Sheikh Saeed bin Maktoum al-Maktoum, 30, a member of the ruling family of Dubai, has married Natasha Aliyeva, a 19-year-old Belarusian trainee waitress he met at Hotel Minsk. Their simple Islamic wedding was preceded by a courtship that lasted less than a month.
The couple met after Sheikh Saeed arrived in Belarus to take part in a shooting championship and moved into the presidential suite of Hotel Minsk. He asked for a glass of orange juice to be sent up to him, and the juice was brought by Aliyeva. The sheikh was immediately smitten, and asked her out. Prior to the wedding, Aliyeva converted from Christianity to Islam, the religion not just of her new husband, but also her Azerbaijani-born father, Muslim Aliyev.
According to Nina Shakhnut, one of Aliyeva's high-school teachers, "Natasha has really aristocratic looks and such charm. I can see what the prince sees in her."
Aliyeva's mother, Liliya, was at first reluctant to let her daughter marry Sheikh Saeed: marriage to him would mean adapting to "a faraway country, strange people, polygamy." Indeed, Sheikh Saeed already had a wife and five children; Aliyeva was to become his second wife. Eventually, Aliyeva's mother relented, and the wedding went ahead.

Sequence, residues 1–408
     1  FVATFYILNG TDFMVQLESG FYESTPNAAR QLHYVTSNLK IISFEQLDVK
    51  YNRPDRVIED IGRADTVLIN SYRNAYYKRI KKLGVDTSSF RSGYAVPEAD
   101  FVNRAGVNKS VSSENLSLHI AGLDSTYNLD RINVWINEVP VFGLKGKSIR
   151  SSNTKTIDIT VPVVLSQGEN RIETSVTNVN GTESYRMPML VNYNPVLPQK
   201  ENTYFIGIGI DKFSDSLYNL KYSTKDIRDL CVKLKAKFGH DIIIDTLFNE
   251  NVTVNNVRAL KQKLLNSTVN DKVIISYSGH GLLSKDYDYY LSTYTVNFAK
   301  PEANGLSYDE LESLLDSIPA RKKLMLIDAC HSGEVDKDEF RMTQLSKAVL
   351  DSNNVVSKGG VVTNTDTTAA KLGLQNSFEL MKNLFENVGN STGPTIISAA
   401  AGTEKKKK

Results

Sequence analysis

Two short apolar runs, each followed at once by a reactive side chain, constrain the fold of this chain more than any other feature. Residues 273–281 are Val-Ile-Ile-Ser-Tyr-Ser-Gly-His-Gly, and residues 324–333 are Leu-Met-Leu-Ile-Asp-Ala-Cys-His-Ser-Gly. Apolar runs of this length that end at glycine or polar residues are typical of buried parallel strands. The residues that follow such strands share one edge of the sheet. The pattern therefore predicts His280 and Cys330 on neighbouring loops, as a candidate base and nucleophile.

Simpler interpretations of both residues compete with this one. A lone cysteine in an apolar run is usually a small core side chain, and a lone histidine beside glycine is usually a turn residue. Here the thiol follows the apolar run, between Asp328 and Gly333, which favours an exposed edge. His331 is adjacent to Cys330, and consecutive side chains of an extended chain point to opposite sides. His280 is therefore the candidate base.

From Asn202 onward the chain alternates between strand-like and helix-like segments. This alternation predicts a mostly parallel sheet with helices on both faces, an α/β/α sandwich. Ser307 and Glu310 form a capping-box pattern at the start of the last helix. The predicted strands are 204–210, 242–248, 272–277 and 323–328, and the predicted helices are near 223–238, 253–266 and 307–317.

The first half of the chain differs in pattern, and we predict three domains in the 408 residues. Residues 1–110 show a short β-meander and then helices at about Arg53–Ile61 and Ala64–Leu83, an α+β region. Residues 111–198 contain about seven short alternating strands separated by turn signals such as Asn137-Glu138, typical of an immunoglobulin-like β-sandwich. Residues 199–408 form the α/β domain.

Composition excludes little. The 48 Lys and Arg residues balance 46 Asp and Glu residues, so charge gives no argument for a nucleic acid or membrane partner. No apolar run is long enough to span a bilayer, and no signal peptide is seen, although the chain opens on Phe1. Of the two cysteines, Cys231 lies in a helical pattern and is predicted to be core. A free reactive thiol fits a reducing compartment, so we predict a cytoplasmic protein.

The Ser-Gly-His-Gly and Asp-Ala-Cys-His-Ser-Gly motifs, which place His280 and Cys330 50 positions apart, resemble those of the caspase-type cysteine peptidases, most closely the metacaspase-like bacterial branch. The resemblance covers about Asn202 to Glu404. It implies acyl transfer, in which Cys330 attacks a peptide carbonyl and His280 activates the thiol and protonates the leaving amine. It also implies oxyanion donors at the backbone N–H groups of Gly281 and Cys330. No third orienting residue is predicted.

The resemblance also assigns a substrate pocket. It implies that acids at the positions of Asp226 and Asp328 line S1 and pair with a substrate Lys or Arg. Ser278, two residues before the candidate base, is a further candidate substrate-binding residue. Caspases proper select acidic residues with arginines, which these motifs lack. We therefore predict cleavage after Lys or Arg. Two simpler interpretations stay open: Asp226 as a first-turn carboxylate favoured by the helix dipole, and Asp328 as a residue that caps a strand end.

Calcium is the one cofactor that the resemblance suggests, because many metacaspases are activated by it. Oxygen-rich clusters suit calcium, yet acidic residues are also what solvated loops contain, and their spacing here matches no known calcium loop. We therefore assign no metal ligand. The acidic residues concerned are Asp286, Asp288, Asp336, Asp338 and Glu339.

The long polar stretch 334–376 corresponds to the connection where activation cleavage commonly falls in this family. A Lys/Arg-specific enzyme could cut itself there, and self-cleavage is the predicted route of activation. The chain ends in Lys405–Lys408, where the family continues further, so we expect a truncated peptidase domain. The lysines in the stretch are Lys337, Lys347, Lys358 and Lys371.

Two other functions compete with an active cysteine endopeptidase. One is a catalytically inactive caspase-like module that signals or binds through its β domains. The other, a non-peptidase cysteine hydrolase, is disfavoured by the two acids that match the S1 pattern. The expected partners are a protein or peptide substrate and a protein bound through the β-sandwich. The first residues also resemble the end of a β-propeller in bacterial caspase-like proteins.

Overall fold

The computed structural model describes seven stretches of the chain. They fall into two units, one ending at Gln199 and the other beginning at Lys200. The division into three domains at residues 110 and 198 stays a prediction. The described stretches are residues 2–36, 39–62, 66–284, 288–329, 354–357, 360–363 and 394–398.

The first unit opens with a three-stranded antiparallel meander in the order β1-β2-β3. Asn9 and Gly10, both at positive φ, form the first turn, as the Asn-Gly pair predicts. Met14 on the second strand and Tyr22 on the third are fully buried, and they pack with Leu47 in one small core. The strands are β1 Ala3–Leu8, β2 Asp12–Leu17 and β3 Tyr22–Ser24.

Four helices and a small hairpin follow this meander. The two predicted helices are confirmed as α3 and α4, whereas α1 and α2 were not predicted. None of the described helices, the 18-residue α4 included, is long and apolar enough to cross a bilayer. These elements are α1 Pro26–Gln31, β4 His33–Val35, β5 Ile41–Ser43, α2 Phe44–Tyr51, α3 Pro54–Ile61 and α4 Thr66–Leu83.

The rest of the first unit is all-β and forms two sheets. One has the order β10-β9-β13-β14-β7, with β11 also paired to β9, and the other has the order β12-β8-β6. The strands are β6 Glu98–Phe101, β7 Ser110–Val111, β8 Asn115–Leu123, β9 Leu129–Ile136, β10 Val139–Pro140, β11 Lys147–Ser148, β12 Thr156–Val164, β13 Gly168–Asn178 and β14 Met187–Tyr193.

According to the sheikh's new mother-in-law, he is "an honest, intelligent and tactful man with an excellent education. His fortune doesn't interest me. I'm not a woman to exchange my daughter for money. I don't believe Natasha cares for his fortune either."
That fortune is quite substantial: Sheikh Saeed reportedly has assets worth ₤8 billion (Canadian $16.9 billion / US $16.3 billion).
The newly-married couple have now departed for Cyprus, where Sheikh Saeed is taking part in another shooting competition. Natasha's sister Galina is moving to Dubai with them, to act as interpreter for the newlyweds.
Sheikh Saeed's late father, Sheikh Maktoum bin Rashid al-Maktoum, was the emir of Dubai between 1990 and 2006. Asked by Belarusian journalists whether he would one day himself become the ruler of Dubai, Sheikh Saeed answered, "Is it important? Money and power come and go. Belief is the only thing that remains for ever" (Daily Mail).